The Ohio legislature has recessed with no scheduled session dates until mid-November, after the general election. During the final session before recessing at the end of May, more than 30 bills passed out of the House and Senate. Also, federal judges have finally weighed in to set the General Assembly redistricting maps, however, the maps will only be valid for two years as they are deemed unconstitutional. Ohio will hold its second primary on August 2nd for the Ohio House and Senate. See G2G's full report on Ohio politics, legislative activities, education, and health.
Ohio lawmakers passed the Capital Budget HB 687. The $3.5 billion budget includes nearly $1.1 billion to Intel for a chip fabrication plant, $100 million in school safety grants, and $191 million for Community Projects (a portion of the $1 billion total project requests). The Ohio General Assembly passes a capital budget every two years, usually a year after it passes the state’s operating budget. The capital budget pays for construction projects for state agencies and colleges and universities, must be bondable, and is required to have a state nexus.
Nearly nine months after Ohio was supposed to have legislative maps for the 2022 election and five rejected maps later, a decision by a federal district court gave Republicans the green light to use twice-rejected unconstitutional legislative maps. Calling it "the best of our bad options," the panel of three federal judges ruled 2-1 that Ohio must hold its legislative primary August 2nd using the third set of maps produced by the Ohio Redistricting Commission but invalidated by the Ohio Supreme Court, but for this year's elections only. The House map has a 54-45 GOP advantage Senate has an 18-15 GOP advantage. However, nearly 20 of the Democratic House districts and about 10 in the Senate are considered political toss-ups. None of the Republican districts are considered a toss-up, which is why the maps were consistently deemed unconstitutional.
LEGISLATORS RETIRING AND ELECTIONS
In April, Congressman Bob Gibbs announced he will retire after six terms instead of trying to run in a substantially new district stretching much farther north with two-thirds of it primarily from another district due to redistricting. Meanwhile ballots were already printed, and early voting began just seven days before the Ohio Supreme Court’s decision. Gibbs retirement benefited Max Miller, who won the primary, had outraised Gibbs, and had secured former President Trump’s endorsement last year when he launched his campaign to take GOP Rep. Anthony Gonzalez’s seat. Gonzalez later announced his retirement in September, as he faced an uphill battle as one of 10 Republicans who voted to impeach the former president. Miller is expected to win the general election in the 7th district.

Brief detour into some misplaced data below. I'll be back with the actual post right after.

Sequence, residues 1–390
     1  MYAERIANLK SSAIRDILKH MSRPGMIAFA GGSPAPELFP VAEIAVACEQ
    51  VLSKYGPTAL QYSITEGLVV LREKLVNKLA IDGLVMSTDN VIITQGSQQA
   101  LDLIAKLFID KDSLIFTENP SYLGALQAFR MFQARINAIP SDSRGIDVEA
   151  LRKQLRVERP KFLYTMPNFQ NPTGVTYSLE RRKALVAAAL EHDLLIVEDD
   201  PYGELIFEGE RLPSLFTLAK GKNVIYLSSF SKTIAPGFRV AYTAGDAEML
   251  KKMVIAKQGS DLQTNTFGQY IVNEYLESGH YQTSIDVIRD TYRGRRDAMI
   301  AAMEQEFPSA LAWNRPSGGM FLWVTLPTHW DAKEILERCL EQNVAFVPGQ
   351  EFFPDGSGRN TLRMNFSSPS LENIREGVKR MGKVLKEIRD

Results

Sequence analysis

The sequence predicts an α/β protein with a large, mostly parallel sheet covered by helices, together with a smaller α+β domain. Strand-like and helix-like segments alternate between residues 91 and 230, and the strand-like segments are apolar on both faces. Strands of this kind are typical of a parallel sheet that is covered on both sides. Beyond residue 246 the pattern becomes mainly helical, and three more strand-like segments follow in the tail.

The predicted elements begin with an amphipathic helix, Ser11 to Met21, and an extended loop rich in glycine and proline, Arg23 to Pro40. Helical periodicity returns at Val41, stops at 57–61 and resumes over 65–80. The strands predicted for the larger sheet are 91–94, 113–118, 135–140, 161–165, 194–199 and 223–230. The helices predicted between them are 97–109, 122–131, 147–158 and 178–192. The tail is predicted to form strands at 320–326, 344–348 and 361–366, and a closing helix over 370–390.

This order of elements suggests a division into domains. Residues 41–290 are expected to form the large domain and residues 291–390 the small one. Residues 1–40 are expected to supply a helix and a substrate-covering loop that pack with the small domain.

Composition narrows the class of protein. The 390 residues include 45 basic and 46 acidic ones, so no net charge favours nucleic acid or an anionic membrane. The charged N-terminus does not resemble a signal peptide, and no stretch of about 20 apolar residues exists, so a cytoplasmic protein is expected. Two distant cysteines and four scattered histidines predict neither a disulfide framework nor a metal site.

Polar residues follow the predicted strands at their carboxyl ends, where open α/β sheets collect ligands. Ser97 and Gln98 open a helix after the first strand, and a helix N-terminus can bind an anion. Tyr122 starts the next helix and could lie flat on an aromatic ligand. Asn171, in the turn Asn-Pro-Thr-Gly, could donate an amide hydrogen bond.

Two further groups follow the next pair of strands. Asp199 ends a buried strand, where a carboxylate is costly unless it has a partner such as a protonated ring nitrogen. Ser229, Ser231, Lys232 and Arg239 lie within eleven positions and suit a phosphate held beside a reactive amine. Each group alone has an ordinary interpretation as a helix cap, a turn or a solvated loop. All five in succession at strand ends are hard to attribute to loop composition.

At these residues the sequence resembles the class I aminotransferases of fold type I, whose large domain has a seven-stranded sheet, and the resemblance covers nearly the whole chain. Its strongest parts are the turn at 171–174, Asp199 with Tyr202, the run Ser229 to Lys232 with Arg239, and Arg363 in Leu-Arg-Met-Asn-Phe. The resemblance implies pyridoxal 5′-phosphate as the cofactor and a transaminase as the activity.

In the Statehouse, long-time legislator Senator Sandra Williams (D-Cleveland) announced she is resigning from the legislature, effective June 8th. While she is term limited from her current seat, she had intended to run for the Ohio House but will instead pursue other ventures. The process to appoint her replacement has not yet been announced. His departure, which comes after ballots have been printed and early voting has begun in Ohio, is a big win for Max Miller, a former Trump official who secured the president’s endorsement last year when he launched a challenge against GOP Rep. Anthony Gonzalez, one of 10 Republicans voted to impeach the former president.
House Democrats voted to seat Bishara Addison as the new 9th District representative, succeeding former Rep. Janine Boyd (D-Cleveland Heights), who left to serve as the new regional director of the U.S. Department of Health and Human Services. Addison is a staffer with a Cleveland philanthropic organization and will represent Cleveland Heights, Shaker Heights, University Heights, and some of Cleveland’s East Side neighborhoods. Addison will not be on the ballot in the primary election and so she will leave the Statehouse when the term expires at the end of the year.